`\\(A = \\{p\\} \subseteq P\\) \\(p \leq p\\) by reflexivity Suppose we have a \\(q\\) such that \\(q \leq a, \forall a \in A\\) Then \\(q \leq p\\) So \\(\bigwedge A = p\\) Suppose we have a \\(q\\) such that \\(a \leq q, \forall a \in A\\) Then \\(p \leq q\\) So \\(\bigvee A = p\\)`

In the latest draft, this exercise is now #66. The text has also changed, making \(P\) a preorder instead of a poset. But this seems to make the exercise false (unless we treat all meets as the same): consider the two-element poset \(P = \{a, b\}\) with \(a \le b\) and \(b \le a\). Then the set \(\{a\}\) has two possible meets, one of which is \(b\), and \(a \neq b\).

`In the latest draft, this exercise is now #66. The text has also changed, making \\(P\\) a preorder instead of a poset. But this seems to make the exercise false (unless we treat all meets as the same): consider the two-element poset \\(P = \\{a, b\\}\\) with \\(a \le b\\) and \\(b \le a\\). Then the set \\(\\{a\\}\\) has two possible meets, one of which is \\(b\\), and \\(a \neq b\\).`

The preorder version is here https://forum.azimuthproject.org/discussion/2064

`The preorder version is here https://forum.azimuthproject.org/discussion/2064`

I'll move the preorder version here along with all the comments, and then delete it.

This was another version of the same exercise, but with "preorder" replacing "poset". This causes some problems, which are worth understanding:

Exercise 66 (preorder version).Let \((P,\le)\) be a preorder and \(p \in P\) an element. Consider the set \(A = \{p\} \) with one element. Show that$$ \bigwedge A = p .$$ Is the same true when \( \bigwedge \) is replaced by \( \bigvee \)?

`I'll move the preorder version here along with all the comments, and then delete it. This was another version of the same exercise, but with "preorder" replacing "poset". This causes some problems, which are worth understanding: **Exercise 66 (preorder version).** Let \\((P,\le)\\) be a preorder and \\(p \in P\\) an element. Consider the set \\(A = \\{p\\} \\) with one element. Show that $$ \bigwedge A = p .$$ Is the same true when \\( \bigwedge \\) is replaced by \\( \bigvee \\)?`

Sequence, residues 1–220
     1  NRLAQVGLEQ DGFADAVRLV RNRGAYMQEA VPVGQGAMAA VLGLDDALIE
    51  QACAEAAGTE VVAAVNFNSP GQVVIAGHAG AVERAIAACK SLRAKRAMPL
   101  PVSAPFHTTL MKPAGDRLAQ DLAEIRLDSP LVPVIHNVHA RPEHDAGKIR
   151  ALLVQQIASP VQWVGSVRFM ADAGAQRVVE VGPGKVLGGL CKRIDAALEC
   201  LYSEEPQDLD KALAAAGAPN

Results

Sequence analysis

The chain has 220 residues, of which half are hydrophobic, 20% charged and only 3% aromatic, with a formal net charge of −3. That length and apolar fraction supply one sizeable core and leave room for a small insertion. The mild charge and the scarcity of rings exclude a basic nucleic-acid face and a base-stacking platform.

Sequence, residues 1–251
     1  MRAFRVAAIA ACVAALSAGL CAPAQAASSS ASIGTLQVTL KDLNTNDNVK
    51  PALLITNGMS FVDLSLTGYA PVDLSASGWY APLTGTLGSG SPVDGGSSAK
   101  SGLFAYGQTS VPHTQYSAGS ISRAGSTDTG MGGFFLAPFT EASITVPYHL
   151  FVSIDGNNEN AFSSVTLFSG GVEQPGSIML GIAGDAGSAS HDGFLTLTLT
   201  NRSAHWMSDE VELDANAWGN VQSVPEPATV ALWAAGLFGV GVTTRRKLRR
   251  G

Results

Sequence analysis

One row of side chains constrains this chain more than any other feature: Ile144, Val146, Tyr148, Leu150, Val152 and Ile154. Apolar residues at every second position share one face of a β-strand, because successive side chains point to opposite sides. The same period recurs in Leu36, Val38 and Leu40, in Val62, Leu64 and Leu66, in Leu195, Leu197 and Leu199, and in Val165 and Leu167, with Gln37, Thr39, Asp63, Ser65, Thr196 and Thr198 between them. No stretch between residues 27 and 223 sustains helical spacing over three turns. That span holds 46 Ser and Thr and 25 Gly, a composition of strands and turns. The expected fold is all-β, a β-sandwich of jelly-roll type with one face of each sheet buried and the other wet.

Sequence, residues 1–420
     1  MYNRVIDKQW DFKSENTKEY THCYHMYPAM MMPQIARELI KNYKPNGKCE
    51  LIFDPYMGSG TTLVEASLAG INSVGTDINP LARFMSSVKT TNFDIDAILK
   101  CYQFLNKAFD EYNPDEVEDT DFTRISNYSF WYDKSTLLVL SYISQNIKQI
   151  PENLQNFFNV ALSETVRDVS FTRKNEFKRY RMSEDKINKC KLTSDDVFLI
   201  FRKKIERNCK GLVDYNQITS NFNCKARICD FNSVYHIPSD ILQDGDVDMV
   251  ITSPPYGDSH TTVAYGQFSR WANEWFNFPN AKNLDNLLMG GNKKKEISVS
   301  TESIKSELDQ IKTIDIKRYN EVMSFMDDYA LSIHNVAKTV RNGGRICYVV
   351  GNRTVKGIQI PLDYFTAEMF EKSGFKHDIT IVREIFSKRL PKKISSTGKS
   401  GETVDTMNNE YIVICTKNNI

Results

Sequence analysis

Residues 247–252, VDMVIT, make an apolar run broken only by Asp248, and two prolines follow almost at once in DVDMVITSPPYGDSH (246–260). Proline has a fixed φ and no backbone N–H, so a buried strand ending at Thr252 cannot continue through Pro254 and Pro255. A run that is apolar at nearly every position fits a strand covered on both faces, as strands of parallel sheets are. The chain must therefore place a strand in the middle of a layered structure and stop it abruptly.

Jonathan Castello responded as follows to the preorder version of Exercise 66:

He was right! In a preorder we can't talk about "the" meet of a subset; there may be several meets. If \(a\) and \(b\) are two meets of a subset, we have both \(a \le b\) and \(b \le a\), but we can't always conclude \(a = b\), unless we're in a poset.

`[Jonathan Castello](https://forum.azimuthproject.org/discussion/2034/introduction-jonathan-castello/p1) responded as follows to the preorder version of Exercise 66: > Is this technically true in arbitrary preorders? It would seem that the two-element preorder suggested by Exercise 65 is a counterexample. > Or is the equality relation here meant to be \\(\le \cap \ge\\)? He was right! In a preorder we can't talk about "the" meet of a subset; there may be several meets. If \\(a\\) and \\(b\\) are two meets of a subset, we have both \\(a \le b\\) and \\(b \le a\\), but we can't always conclude \\(a = b\\), unless we're in a poset.`

Michael Hong responded as follows:

`[Michael Hong](https://forum.azimuthproject.org/discussion/1855/introduction-michael-hong/p1) responded as follows: > Through reflexivity, you get the relation \\(p \leq p\\). Therefore \\(\wedge A = p=\vee A\\). > Another way to show this might be to use transitivity instead. So using reflexivity, we have \\(p \leq p\\) and using transivity, we also get \\(p \leq p \leq p\\) giving us a transitive identity triangle of \\(p\\). Then, taking joins and meets of this identity preorder, we get \\(p \wedge p = p\\) and \\(p \vee p = p\\). > ![exercise66](http://aether.co.kr/images/exercise66.svg)`